Although they cannot be dismissed entirely, the financial numbers unveiled this week behind last month’s OC Air Show do not tell the entire story.
At this week’s Mayor and Council meeting, all the available financial information on the second annual event was presented, and it was not exactly a pretty picture. The fact is the air show is a young event and is not yet on sound financial footing. It’s still growing and finances are expected to be tight until major national sponsors are inked to help defray some of the larger expenses. This situation is common in the special event industry, particularly for fledgling endeavors.
According to promoter Brian Lilley, the event’s gross revenue was $168,000 with expenses totaling a little more than $128,000, resulting in a net profit of $39,390. Last year there was no profit to report, sources indicate. With incidentals and all factors considered, this profit resulted in the town getting a check for about $15,000, compared to the $50,000 in taxpayer money allocated for the event.
While these financial reports are indeed necessary and a good exercise in fiscal accountability, a true measure of the air show’s success or failure goes beyond numbers germane to producing the event itself. It’s about the overall impact the event has on the town, such as parking revenue and tax collections, and its business community, such as bottom line sales. It’s important to add to this the tremendous amount of positive exposure the event attracted from media outlets near and far.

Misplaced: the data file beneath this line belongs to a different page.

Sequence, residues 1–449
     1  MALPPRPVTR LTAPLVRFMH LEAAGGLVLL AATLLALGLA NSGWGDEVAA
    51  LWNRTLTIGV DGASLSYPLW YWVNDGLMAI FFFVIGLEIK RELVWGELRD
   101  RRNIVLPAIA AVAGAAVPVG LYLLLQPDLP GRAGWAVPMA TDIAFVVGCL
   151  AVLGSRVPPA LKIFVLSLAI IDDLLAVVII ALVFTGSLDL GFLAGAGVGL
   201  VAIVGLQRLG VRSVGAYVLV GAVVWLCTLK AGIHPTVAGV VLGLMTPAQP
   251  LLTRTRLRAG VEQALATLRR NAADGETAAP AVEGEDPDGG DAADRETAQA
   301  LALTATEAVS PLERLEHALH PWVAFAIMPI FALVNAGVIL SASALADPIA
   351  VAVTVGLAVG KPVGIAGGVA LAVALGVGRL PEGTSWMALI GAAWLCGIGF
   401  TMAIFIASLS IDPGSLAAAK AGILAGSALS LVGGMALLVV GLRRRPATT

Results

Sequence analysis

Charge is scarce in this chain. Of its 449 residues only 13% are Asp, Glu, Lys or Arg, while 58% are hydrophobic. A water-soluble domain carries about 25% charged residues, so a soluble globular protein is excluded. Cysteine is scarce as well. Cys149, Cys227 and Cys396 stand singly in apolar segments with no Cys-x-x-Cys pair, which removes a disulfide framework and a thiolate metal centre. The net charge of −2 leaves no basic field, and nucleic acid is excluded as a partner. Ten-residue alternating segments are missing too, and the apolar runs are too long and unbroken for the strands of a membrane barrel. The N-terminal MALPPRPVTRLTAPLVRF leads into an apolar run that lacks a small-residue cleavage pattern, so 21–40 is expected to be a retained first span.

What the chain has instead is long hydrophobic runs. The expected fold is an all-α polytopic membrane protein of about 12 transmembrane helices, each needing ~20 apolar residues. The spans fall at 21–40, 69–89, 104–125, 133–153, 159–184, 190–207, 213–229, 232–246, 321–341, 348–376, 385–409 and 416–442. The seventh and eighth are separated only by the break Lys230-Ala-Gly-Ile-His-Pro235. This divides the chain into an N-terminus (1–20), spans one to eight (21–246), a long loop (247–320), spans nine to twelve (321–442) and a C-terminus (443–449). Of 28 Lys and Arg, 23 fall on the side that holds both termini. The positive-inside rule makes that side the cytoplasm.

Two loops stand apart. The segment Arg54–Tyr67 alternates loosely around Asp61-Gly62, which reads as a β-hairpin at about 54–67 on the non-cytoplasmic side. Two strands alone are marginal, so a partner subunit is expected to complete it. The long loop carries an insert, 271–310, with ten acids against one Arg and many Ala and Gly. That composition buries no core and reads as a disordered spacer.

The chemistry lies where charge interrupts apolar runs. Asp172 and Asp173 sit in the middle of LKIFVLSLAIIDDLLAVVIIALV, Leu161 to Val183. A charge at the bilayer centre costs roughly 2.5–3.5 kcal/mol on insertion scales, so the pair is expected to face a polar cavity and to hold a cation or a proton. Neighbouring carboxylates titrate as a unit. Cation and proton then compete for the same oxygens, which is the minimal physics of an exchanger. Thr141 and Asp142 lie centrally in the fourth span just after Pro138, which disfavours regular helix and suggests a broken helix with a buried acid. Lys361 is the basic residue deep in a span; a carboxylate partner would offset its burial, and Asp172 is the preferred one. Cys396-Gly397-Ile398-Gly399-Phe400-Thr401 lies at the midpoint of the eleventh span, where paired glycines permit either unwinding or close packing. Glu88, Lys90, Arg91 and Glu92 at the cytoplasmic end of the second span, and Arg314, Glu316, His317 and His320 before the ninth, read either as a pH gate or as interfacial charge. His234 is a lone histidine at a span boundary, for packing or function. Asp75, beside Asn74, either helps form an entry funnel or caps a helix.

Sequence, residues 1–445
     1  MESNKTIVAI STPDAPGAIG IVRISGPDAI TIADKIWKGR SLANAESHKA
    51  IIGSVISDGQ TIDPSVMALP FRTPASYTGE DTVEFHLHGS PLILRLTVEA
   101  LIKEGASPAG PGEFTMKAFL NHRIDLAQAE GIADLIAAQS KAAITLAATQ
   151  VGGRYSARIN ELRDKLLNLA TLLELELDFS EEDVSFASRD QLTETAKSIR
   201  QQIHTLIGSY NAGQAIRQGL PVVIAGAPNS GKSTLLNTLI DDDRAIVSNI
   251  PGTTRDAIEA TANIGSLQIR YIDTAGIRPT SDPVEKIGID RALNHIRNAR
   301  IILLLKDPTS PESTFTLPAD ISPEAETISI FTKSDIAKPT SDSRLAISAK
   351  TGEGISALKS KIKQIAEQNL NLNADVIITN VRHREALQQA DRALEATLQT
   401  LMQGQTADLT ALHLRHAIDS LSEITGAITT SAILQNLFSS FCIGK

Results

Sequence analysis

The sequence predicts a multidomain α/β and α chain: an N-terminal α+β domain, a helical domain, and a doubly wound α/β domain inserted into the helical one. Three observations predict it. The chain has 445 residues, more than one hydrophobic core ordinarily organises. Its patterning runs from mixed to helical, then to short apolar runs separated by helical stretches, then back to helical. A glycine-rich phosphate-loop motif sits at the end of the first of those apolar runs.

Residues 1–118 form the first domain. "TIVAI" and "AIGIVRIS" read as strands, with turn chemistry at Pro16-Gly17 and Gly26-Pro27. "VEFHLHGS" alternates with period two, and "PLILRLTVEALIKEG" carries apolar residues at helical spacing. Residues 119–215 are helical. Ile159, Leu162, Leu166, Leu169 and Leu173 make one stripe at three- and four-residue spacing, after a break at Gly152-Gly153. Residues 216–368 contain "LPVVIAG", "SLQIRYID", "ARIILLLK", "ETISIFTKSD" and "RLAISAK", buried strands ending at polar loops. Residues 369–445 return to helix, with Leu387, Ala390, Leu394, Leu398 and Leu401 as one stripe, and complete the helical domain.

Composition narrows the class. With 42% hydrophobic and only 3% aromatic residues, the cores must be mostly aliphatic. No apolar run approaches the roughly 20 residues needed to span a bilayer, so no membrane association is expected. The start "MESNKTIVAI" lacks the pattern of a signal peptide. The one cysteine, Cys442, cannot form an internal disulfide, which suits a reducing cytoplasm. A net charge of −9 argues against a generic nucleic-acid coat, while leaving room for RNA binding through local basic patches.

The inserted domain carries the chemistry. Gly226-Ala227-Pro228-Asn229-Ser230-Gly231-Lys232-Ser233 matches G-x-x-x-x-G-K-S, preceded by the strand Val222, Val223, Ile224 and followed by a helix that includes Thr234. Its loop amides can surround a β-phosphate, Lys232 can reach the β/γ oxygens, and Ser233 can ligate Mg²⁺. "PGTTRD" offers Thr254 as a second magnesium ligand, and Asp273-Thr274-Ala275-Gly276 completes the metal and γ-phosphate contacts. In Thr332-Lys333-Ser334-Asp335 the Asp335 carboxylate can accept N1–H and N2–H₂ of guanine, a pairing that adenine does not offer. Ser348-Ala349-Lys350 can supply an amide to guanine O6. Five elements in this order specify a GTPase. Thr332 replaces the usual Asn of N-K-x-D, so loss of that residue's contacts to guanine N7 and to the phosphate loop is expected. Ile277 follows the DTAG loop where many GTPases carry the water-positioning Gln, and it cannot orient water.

A key number that was not presented at this week’s meeting and is essentially impossible to calculate is the overall financial impact for the town. Certainly, many of the hundreds of thousands of folks who came to Ocean City for that weekend in June were local residents who drove short distances to town, watched show, ate lunch, had some cocktails and then went home. However, there were some who came to Ocean City and rented a hotel room or condominium solely because of the air show. They would not have been here otherwise.
The air show is perfectly timed for a weekend in June, a month that leaves many businesses wanting. As a matter of fact, most operators prefer September to June these days. However, the air show brings promise to June or at least one weekend in the month. Next year it will fall the weekend after the Memorial Day holiday, traditionally a bummer of a weekend for businesses waiting for schools to close for the season.
The only way to measure the air show’s impact on the town is to attend it. That’s when you will realize it’s a special event that helps Ocean City in immeasurable ways, and numbers cannot quantify that impact.